Making nutrigenomics simple and accessible

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Practitioners often struggle putting genetic and genomic data into clinical practice, said David Brady, ND, DC, CCN, DACBN, IFMCP, FACN, director of the Human Nutrition Institute, at the 2020 Integrative Healthcare Symposium in New York City.

Human physiology is influenced by various biochemical processes, which is in part influenced by one’s genotype, Brady said. Biochemical individuality is a major pillar in the practice of precision functional medicine Single nucleotide polymorphisms (SNPs) largely influence our biochemical individuality.

Complex systems are messy, and human being make errors trying to understand them, but that’s okay, Brady said. Artificial intelligence (AI) has the potential to significantly impact healthcare delivery and outcomes, he said. However, most healthcare providers feel unprepared to deploy AI in their organizations, according to a new HIMSS Analytics survey.

Data is an invaluable tool for healthcare practitioners, and for personalized lifestyle medicine, useful data includes genetics and genomics. Genetics is the study of genes and inheritance. It often assesses single genes within congenital disorders. Genomics, on the other hand, is the study of genes, their functions, and interactions with each other and the environment. This includes epigenetics, epistatic relationships, and pharmacogenomics.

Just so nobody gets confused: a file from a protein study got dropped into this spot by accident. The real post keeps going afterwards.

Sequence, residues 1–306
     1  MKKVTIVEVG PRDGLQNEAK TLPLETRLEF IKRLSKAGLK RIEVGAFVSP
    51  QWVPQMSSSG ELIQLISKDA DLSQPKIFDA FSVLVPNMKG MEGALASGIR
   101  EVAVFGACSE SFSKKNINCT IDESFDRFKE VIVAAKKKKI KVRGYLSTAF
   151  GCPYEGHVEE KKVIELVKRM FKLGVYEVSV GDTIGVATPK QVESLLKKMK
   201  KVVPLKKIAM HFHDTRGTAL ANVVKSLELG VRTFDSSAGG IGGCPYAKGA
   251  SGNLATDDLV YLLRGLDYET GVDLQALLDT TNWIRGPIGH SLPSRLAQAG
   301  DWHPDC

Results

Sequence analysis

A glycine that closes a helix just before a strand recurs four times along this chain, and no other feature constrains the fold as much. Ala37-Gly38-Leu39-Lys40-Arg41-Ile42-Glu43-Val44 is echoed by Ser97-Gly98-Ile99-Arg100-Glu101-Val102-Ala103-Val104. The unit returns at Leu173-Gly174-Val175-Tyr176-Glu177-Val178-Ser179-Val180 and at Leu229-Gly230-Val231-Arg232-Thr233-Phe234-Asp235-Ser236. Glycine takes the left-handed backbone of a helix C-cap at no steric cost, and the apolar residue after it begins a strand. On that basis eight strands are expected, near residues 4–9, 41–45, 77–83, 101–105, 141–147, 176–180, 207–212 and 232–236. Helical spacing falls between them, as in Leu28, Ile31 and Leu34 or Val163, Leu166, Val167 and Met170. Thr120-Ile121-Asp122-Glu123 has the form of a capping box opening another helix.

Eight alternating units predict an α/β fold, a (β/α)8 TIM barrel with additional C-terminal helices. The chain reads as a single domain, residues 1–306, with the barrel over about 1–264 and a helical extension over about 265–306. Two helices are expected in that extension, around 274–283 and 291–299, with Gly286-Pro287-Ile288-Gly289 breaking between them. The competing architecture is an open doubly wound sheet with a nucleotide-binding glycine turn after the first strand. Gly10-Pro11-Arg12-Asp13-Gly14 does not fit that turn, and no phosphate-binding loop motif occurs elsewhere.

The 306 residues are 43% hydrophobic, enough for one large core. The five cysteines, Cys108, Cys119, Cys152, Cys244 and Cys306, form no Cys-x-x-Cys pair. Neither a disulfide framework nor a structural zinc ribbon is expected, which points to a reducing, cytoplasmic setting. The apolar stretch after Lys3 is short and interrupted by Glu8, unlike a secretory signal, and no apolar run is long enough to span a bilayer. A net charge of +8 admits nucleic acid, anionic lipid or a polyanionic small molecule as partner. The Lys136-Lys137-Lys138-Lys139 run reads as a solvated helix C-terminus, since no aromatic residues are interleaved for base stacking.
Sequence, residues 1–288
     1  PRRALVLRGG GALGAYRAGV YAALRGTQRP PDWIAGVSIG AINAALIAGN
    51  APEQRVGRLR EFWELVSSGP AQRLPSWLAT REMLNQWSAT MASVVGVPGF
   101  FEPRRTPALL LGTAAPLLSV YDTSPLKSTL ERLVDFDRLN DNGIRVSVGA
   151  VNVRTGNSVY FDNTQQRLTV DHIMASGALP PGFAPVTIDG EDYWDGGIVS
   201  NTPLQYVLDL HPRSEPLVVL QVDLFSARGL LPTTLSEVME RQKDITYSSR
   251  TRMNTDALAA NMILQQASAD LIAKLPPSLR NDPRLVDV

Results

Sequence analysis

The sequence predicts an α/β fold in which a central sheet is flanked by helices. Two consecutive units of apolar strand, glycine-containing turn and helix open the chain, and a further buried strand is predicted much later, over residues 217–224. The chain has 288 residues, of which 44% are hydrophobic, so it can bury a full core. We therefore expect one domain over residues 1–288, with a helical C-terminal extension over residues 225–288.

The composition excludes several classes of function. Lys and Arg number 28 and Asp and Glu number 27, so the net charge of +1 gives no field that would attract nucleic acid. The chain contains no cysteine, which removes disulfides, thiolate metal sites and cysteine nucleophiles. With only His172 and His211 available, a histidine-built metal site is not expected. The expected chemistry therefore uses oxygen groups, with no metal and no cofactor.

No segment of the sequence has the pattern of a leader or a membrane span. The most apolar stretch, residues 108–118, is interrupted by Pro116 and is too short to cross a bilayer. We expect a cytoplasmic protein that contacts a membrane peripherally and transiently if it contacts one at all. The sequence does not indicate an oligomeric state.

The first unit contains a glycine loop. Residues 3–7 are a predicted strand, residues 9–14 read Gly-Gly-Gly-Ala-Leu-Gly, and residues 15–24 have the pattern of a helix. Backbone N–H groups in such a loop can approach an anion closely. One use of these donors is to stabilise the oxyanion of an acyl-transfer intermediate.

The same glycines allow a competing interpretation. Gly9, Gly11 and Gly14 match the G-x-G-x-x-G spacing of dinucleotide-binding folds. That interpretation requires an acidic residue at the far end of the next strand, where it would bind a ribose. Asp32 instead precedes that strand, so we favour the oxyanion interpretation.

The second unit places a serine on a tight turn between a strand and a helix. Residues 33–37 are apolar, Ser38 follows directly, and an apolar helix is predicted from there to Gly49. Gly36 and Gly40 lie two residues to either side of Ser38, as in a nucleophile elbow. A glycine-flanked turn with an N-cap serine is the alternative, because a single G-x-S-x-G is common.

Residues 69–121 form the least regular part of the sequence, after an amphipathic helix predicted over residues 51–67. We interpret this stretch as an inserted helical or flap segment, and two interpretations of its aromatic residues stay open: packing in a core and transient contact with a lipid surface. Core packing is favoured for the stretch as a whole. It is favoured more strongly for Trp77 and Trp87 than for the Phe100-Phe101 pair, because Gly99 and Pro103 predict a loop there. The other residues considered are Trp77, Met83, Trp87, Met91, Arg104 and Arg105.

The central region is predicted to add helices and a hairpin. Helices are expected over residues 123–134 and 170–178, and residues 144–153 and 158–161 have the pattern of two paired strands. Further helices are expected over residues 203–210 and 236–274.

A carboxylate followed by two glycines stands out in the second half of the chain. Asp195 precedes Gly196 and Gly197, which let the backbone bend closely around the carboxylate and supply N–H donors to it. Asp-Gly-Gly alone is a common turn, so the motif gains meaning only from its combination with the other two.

Epistasis is an interaction between different genes, the biological interaction between proteins. Epigenetics is the interaction between genes and the environment. Epistasis and epigenetics are, in part, why practitioners don’t always see the same outcomes in genomics and various disorders.

Brady said genetics loads the gun and lifestyle fires it. By aggregating data in a way that is meaningful and usable, practitioners can make better recommendations to improve their patients' lives. 

Brady focuses his approach to personalized medicine on genomic data. The clinician is essential in contextualizing data, he said. When clinically apply genomic testing, Brady said to keep in mind that the practitioner’s curation is to fit within the context of the patient:

  • Chief concerns
  • Medical history
  • Family history
  • Medications and supplements
  • Environmental exposures

Consumer genetic and genomic data is not presented in a usable format, Brady said. Therefore, he suggests exploring tools and applications that take genomic data and translate it into information the clinician can contextualize and utilize, such as:

  • Single-nucleotide polymorphism (SNP) navigator
  • Multi-SNP macros
  • Network mappings
  • Complex templates
  • Prescriptive tools
  • Curation

“The landscape for healthcare is going to dramatically change rapidly,” said Brady. “There’s a lot of talk about personalized medicine and precision medicine, but it’s not put into practice in an effective way. We need to figure out how to make integrative medicine models more precise and more personalized, and genomics is how we can truly make an impact.”